PTEN is one of the most frequently altered tumor suppressor genes in malignant tumors. The dominant-negative effect of PTEN alteration suggests that the aberrant function of PTEN mutation might be more disastrous than deletion, the most frequent genomic event in glioblastoma (GBM). This study aimed to understand the functional properties of various PTEN missense mutations and to investigate their clinical relevance. The genomic landscape of PTEN alteration was analyzed using the Samsung Medical Center GBM cohort and validated via The Cancer Genome Atlas dataset. Several hotspot mutations were identified, and their subcellular distributions and phenotypes were evaluated. We established a library of cancer cell lines that overexpress these mutant proteins using the U87MG and patient-derived cell models lacking functional PTEN. PTEN mutations were categorized into two major subsets: missense mutations in the phosphatase domain and truncal mutations in the C2 domain. We determined the subcellular compartmentalization of four mutant proteins (H93Y, C124S, R130Q, and R173C) from the former group and found that they had distinct localizations; those associated with invasive phenotypes (‘edge mutations’) localized to the cell periphery, while the R173C mutant localized to the nucleus. Invasive phenotypes derived from edge substitutions were unaffected by an anti-PI3K/Akt agent but were disrupted by microtubule inhibitors. PTEN mutations exhibit distinct functional properties regarding their subcellular localization. Further, some missense mutations (‘edge mutations’) in the phosphatase domain caused enhanced invasiveness associated with dysfunctional cytoskeletal assembly, thus suggesting it to be a potent therapeutic target.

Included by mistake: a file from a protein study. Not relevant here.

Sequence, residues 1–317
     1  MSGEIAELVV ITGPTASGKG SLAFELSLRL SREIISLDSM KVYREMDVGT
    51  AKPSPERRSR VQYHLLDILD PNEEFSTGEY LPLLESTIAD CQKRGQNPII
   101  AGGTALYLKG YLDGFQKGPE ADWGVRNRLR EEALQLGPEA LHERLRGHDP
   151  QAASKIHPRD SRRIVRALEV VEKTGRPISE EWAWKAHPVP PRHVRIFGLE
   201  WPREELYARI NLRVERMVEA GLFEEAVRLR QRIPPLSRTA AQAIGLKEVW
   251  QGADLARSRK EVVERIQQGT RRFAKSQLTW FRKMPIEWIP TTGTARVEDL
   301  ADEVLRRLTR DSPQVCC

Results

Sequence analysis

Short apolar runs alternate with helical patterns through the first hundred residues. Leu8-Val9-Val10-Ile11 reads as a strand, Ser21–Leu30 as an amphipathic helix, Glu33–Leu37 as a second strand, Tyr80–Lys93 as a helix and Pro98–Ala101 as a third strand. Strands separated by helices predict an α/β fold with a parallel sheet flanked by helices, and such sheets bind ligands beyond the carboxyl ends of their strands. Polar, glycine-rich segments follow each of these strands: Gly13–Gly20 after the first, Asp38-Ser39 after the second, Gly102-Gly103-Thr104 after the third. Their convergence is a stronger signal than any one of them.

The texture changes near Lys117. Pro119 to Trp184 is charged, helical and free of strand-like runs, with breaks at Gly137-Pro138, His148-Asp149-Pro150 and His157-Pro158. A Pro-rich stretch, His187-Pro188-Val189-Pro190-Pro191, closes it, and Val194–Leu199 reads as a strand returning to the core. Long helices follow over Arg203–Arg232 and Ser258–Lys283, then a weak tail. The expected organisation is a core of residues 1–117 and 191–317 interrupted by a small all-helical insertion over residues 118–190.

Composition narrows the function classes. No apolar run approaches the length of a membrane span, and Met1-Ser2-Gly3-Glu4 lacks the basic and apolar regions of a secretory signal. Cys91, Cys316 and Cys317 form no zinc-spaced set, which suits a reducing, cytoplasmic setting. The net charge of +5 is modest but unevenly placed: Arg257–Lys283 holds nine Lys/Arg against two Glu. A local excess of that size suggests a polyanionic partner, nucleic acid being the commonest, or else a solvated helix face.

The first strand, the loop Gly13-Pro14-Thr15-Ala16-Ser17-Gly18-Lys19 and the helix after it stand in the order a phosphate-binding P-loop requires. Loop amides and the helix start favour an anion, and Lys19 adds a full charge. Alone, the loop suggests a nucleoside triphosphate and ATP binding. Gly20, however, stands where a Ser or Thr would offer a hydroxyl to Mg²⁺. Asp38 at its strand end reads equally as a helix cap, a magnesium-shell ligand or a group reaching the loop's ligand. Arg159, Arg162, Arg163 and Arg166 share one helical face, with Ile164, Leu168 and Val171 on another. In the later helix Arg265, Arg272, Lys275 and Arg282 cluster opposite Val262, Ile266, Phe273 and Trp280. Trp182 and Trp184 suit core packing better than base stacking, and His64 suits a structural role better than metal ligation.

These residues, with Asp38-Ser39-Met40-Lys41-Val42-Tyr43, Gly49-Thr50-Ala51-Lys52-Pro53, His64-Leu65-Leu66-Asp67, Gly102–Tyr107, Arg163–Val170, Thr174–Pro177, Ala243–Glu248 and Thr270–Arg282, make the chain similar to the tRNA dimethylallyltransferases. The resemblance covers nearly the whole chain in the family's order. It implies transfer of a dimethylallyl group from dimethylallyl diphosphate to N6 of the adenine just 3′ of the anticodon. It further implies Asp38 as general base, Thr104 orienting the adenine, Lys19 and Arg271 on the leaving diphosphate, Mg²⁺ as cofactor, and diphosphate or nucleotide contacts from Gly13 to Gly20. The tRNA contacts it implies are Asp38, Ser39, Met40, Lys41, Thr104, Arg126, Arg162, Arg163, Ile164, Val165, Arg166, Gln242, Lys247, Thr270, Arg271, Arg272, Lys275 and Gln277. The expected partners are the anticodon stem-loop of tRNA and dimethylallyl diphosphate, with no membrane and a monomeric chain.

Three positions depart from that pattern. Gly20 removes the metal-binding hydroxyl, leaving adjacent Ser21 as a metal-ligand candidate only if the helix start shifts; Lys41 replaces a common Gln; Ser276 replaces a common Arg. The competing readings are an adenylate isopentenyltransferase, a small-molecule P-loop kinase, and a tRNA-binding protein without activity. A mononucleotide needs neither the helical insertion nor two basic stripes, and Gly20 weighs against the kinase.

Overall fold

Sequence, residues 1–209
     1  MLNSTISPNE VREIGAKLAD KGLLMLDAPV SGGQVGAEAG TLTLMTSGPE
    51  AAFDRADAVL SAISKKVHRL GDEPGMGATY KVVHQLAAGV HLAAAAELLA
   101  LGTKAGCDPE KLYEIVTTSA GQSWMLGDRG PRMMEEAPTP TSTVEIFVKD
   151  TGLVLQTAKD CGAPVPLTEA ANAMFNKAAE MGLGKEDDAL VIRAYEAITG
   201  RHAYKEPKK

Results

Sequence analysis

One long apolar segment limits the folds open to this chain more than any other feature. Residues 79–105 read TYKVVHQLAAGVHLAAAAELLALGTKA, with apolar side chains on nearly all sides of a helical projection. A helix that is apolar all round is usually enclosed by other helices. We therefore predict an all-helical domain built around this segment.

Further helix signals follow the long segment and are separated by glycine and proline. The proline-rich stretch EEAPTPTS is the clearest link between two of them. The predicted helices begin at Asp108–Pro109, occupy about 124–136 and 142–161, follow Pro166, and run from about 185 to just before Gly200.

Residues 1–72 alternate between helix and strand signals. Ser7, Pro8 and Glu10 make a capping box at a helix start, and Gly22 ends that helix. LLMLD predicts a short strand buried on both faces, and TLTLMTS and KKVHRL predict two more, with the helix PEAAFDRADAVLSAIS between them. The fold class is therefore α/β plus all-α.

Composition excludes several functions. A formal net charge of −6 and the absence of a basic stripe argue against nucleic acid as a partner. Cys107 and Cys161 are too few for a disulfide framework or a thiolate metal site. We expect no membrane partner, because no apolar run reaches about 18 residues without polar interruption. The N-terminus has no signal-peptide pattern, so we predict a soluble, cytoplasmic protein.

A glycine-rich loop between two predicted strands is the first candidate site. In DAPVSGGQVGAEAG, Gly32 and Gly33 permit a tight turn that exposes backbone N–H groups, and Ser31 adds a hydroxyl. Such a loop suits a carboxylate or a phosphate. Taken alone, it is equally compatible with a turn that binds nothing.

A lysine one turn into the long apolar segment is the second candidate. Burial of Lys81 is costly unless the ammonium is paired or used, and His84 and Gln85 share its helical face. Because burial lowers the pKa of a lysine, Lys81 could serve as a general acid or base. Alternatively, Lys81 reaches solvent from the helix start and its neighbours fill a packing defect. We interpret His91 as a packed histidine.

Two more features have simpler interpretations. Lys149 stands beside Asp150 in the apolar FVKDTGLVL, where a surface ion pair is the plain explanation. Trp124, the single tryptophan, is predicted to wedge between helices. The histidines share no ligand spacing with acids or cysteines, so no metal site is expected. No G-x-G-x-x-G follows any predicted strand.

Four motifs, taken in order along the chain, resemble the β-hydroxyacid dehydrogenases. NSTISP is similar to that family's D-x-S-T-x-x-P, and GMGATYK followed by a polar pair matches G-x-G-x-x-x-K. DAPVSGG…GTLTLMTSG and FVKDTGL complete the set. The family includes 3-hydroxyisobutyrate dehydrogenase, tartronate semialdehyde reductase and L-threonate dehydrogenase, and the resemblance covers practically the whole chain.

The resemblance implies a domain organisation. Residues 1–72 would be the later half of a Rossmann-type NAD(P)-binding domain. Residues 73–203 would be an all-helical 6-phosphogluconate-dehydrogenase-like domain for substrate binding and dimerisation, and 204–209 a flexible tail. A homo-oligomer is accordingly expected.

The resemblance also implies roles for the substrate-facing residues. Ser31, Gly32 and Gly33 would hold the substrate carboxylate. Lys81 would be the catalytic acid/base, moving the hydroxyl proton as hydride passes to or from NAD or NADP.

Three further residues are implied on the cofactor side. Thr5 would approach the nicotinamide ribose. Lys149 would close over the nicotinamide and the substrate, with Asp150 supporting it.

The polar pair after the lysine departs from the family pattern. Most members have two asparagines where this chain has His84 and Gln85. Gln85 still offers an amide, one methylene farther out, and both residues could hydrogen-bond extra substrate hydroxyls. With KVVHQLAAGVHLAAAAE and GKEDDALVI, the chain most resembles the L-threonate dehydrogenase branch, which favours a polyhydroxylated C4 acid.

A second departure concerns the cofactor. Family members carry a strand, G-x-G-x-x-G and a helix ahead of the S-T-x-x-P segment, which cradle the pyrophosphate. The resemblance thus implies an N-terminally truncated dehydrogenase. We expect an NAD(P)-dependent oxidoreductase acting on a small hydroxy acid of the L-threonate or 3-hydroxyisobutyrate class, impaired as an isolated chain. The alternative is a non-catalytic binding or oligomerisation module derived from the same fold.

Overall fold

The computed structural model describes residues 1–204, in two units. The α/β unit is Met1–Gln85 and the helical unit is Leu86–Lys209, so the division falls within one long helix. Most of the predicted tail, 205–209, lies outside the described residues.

ASJC Scopus subject areas
- Cellular and Molecular Neuroscience
- Cell Biology
- Cancer Research